In "A Suburb All Grown Up and Paved Over", Plotz talks about the necessity of the immigrants situation, and how the suburb surrounding them (mostly made up of richer, larger home owning whites) doesn't like the new development. According to the neighbors, the pavement takes away the little amount of greenery that the area has left (which is ironic, since the rest of the foliage has already been paved over to put in shopping malls and housing subdivisions already). After talking a bit about this problem, however, the article goes off on a related tangent. The author analyzes the rapid growth and immigration that is happening to the county, and he likens the whole ordeal to a mid-life crisis the county itself is having. The article is finally ended with Plotz reflecting that things are promising if the worst reaction to this aging process is a little squabble over a bit of grass.
The author projects a confident, well informed vibe all over this story. In the beginning, the text seems a bit condescending and ironic, as Plotz points out that Fairfax's culture and history owes a lot to the automobile (and most of the neighborhoods are named after the beauty they desecrated). In the second half of the article, however, the author starts to reflect over the diversity of the community. The tone here changes to more of a storytelling mode, where Plotz outlines the modern history of the county. Facts are used there (with a couple percentages and fractions), and these facts paint a more positive tone. Diversity, as he argues, is changing the community for the better.
The argument seems ethical, and the facts seem solid. The world view advertised is a rosier, "Lets all get along" kind of view, and the writing at the end seems positive and upbeat. Plotz is on the side of the immigrants here, and I agree with him. the newcomers are getting the most out of the property and land that they own, and they have a necessity in their actions that the old guard doesn't quite understand. I love nature, however, and it's pretty sad that you have to destroy some of that to get by; But I think this is a necessity sometimes, and after the immigrants find some wealth, hopefully that greenery will return someday.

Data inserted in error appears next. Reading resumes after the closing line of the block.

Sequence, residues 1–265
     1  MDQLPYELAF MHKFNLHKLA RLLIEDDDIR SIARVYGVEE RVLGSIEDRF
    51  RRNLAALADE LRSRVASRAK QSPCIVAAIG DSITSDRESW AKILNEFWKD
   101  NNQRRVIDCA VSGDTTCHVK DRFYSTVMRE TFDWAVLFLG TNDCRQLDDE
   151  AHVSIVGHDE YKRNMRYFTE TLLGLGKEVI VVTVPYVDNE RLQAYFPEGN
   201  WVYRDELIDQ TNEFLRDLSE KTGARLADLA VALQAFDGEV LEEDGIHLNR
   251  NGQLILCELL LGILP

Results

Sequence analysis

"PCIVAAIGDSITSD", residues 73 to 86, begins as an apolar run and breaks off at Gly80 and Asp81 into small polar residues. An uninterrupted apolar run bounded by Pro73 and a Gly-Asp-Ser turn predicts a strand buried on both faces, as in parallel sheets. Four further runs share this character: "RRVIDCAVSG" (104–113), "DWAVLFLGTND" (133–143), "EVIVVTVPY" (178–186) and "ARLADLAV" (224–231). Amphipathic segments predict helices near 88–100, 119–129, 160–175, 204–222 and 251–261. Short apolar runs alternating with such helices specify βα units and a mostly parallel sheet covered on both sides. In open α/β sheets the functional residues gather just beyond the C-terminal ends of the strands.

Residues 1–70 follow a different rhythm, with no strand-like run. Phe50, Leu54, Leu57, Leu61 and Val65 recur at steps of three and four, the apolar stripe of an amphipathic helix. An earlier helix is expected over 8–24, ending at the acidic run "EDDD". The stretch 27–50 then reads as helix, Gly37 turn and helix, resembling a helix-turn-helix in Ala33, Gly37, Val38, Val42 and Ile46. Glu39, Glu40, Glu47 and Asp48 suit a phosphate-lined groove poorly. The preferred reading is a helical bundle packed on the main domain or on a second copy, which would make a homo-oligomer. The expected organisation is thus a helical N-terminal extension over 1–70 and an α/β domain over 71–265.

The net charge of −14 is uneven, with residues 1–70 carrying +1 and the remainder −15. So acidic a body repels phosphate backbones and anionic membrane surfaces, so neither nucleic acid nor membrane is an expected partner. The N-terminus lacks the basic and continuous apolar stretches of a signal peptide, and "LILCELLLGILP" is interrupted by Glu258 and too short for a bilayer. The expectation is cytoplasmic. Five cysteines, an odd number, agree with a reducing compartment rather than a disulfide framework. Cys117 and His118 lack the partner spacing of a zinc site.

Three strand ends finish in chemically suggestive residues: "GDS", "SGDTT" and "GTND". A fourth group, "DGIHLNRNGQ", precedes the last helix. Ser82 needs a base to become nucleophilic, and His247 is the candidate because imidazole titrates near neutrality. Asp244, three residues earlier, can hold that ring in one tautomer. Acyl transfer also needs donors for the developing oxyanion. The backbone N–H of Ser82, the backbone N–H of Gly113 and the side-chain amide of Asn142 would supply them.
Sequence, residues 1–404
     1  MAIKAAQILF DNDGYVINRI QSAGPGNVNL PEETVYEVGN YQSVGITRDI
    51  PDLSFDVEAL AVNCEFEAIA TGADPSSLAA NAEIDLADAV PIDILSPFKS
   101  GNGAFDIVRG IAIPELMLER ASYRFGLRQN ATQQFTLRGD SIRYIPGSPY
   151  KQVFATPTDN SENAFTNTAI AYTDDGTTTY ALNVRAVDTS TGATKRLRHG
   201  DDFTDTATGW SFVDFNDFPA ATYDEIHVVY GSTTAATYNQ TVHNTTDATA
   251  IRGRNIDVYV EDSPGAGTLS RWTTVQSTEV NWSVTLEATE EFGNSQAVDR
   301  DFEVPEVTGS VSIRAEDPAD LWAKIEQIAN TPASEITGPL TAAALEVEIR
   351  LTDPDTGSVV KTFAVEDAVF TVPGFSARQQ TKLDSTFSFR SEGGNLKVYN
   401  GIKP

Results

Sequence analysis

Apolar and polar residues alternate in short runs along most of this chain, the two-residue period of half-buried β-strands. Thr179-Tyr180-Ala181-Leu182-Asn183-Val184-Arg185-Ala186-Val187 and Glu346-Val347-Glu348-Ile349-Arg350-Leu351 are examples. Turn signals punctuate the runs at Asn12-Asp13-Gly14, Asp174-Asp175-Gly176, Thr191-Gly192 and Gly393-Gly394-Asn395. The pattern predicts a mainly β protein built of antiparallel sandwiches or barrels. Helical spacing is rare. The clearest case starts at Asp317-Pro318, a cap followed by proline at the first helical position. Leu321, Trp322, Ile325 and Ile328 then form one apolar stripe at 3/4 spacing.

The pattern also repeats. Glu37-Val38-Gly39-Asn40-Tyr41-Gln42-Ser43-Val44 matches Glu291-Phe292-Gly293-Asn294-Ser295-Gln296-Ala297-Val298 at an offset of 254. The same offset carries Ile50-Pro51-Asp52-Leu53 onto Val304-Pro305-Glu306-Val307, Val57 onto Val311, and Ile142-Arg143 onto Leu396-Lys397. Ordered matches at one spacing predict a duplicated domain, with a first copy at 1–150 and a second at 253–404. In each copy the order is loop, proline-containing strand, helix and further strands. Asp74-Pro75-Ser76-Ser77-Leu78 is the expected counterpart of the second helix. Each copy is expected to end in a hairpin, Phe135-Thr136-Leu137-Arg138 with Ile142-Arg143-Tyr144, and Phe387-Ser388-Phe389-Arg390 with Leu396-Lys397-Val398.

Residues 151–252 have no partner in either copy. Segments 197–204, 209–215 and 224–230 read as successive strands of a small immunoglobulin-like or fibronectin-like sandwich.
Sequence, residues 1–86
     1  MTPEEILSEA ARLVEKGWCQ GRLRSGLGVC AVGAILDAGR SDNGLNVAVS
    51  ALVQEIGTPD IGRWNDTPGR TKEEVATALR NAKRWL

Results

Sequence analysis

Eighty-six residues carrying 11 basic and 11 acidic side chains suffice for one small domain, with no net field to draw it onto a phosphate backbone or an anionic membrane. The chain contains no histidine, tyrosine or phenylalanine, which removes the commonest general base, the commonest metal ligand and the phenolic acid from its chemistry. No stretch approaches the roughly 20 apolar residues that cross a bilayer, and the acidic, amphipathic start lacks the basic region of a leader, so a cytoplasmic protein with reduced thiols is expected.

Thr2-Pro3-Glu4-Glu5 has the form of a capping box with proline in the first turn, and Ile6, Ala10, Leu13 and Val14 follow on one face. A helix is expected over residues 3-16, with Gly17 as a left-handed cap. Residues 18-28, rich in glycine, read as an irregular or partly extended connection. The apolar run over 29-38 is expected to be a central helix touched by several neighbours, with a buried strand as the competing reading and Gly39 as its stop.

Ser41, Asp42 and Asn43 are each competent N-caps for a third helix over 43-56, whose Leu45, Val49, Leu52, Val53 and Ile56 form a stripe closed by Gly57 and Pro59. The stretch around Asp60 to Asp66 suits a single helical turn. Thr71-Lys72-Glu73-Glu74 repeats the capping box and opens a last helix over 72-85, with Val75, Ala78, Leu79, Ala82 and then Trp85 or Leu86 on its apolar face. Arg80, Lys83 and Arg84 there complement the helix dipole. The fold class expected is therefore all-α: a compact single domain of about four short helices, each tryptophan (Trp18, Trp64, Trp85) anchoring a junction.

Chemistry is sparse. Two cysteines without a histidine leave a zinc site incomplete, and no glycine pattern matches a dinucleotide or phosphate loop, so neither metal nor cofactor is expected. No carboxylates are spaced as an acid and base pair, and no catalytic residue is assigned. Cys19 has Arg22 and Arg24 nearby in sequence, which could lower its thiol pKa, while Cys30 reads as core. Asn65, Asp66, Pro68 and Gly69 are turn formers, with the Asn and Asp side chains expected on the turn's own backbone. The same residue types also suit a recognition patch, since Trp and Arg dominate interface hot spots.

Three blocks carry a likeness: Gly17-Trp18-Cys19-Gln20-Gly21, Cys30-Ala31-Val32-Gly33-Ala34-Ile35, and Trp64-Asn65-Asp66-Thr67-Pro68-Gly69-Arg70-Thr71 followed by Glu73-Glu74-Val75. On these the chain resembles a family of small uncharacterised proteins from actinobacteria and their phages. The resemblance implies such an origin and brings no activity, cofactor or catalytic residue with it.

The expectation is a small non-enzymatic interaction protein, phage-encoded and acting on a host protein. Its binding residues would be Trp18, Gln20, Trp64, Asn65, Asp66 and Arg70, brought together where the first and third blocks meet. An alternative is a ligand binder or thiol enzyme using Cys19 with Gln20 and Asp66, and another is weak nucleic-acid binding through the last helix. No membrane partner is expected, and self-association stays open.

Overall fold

While I was thumbing through People magazine like I normally never do (I wasn't looking to advertisements to blog about, no way), I came across this Toyota ad. (Sorry about the blurry picture, by the way. I had to scan it in.) In this ad, Toyota's new SUV the RAV4 -- which I suppose is an attempted l33tspeak way of saying rave -- is placed right before a huge, foreboding maze of city buildings. The caption is impossible to read in the photo, but this is what it says:
No matter how lost the city makes you feel, it's comforting to know the RAV4 is engineered to handle it all. With Vehicle Stability Control, 166 hp and an EPA 27 MPG hwy rating*, solving the city has never been easier. Learn more at toyota.com/rav4.
Vehicle shown with optional equipment. *2008 EPA-estimated 27 highway MPG for RAV4 4-cylinder 2WD models. Actual mileage will vary. c2007 Toyota Motor Sales, U.S.S., Inc.
The tone of the advertisement is dark, with plenty of shadowy buildings in the labyrinth. The maze paths themselves are lit in order to create contrast against the walls and the dark sky. The SUV itself is given prominent space right in the lower middle of the page; Your eyes are first drawn to the maze, then to the convenient solution sitting on the road right below it. The context and purpose of the ad is simple -- cities are large, complex challenges, so why don't you take them with a powerful, safe, and environmentally friendly car? Heck, even David Bowie would flee in terror from this thing!
Actually, I'm suprised that they didn't mention possible GPS/map finding equipment in this ad, because thats what I would actually want if I'm going to take on Chicago or New York. Why would you need all that horsepower in the city, for instance? Why would you care that the thing has a 27 MPG hwy rating if you will most likely never go faster than 27 MPH in the maze? The ad itself is most likely targeted at younger, suburb grown people (or those who never had to take on city driving), since those who have lived in NYC all their lives probably can deal with the urban jungle. In all actually, it doesn't really matter what specific car you would drive in a metro area, anyway. A small sedan can navigate the streets as easily (actually, probably easier) than a huge honking truck.
Uselessly big cars are overrated anyway, in my opinion. I will probably be in the target zone for this ad in a few years, but as long as there is something cheaper available, I don't really care. Let the stockbrokers have their gas guzzlers, and let me have a simple car with a nice speaker system that can get me from A to B easily. That is all that I need, at least for now.